During U.S. efforts to rebuild Afghanistan through spending billions of dollars, the Kabul-Kandahar highway was relied upon as one of the most prominent indicators of success, but today, that highway is so badly trashed it can’t even be repaired.
The road is barely usable and incapable of being repaired, partly due to constant bomb craters and checkpoints, according to one Afghan official.
A new report released Saturday by the Special Inspector General for Afghanistan Reconstruction (SIGAR) assigns some numbers to the dire state of infrastructure.
Out of all the sections of road examined by inspectors, 95 percent were damaged, if not completely obliterated. An additional 85 percent of road sections either weren’t maintained, or were barely given any attention whatsoever.
There are several reasons for such a blatant infrastructure failure, namely government corruption and insurgents making use of the highways to terrorize people and engage in extortion.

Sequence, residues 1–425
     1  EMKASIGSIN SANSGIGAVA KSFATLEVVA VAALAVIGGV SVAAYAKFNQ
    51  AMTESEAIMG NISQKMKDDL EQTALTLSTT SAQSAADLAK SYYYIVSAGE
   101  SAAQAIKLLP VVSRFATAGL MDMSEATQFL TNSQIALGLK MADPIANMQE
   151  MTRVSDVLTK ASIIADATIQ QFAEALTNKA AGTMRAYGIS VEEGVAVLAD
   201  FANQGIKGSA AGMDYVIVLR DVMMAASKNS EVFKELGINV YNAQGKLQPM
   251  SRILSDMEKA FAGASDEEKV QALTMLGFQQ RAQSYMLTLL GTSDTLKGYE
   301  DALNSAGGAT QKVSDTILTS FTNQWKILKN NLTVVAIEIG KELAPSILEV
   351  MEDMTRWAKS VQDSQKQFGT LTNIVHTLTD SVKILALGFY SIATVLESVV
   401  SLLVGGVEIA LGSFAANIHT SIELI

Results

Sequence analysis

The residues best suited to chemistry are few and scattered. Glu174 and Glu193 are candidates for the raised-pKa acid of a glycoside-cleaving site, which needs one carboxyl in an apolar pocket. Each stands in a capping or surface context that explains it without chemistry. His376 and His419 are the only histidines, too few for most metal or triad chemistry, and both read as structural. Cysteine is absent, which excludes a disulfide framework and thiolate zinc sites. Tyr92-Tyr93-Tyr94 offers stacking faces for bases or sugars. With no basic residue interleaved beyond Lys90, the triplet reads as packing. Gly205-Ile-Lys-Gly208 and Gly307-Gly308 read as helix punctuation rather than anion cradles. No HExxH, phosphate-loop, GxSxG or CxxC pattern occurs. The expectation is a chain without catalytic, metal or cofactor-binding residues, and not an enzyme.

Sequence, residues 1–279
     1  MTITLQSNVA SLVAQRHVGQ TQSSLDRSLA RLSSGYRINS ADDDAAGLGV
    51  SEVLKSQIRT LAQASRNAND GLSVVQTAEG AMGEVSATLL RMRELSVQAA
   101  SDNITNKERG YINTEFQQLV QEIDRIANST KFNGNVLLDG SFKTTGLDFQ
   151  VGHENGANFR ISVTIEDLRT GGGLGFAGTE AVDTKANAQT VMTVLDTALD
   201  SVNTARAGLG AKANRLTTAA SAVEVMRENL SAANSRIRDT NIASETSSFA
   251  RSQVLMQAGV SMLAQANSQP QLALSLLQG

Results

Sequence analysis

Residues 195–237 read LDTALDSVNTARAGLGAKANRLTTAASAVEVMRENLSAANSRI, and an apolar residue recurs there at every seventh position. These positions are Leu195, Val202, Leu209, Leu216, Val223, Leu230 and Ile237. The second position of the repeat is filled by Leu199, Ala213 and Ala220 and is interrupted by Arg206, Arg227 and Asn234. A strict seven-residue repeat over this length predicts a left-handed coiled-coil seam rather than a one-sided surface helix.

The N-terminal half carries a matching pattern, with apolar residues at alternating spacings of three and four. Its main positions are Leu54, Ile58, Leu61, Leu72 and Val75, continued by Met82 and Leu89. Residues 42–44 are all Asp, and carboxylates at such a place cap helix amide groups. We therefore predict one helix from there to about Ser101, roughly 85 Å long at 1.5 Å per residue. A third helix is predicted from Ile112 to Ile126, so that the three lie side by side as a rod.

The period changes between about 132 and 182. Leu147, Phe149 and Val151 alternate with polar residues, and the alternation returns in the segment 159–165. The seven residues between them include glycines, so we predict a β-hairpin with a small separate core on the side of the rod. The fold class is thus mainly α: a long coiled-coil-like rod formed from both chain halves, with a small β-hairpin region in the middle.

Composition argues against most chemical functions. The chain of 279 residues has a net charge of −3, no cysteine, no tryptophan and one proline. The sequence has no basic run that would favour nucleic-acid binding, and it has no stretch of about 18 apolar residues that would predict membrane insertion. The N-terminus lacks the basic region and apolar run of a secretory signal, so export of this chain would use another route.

Workers at the Afghan Ministry of Public Works (MOPW) are often hired based on nepotism and given high salaries, which eats up funds designated for actual infrastructure maintenance. Additionally, officials at MOPW are complaining they’re not receiving $100 million annually necessary for proper road upkeep.
And yet, the United States Agency of International Development said in December, 2015, that MOPW’s ability to manage its own budget is questionable, according to local sources. MOPW, in other words, has difficulty operating in a transparent and effective manner.
So far, the U.S. spends almost $3 billion on road-related projects in Afghanistan since 2001. But if the roads continue to be neglected at the current rate, full replacement will end up costing just above $8 billion.
“The MOPW’s continued inability to maintain Afghanistan’s road infrastructure threatens to waste the billions of dollars that the U.S. government has already invested in Afghanistan’s road infrastructure since 2002,” SIGAR’s report notes.
Meanwhile, the government is increasingly finding it difficult to challenge insurgents. The amount of territory controlled by the Afghan government dropped from the 65.6 percent reported in May, 2016, to 63.4 percent, as of Aug. 28, 2016.
Despite extensive U.S. military involvement over the past decade, the Taliban now has the most control of the country it’s had since 2001, and that situation does not appear to be reversing any time soon.
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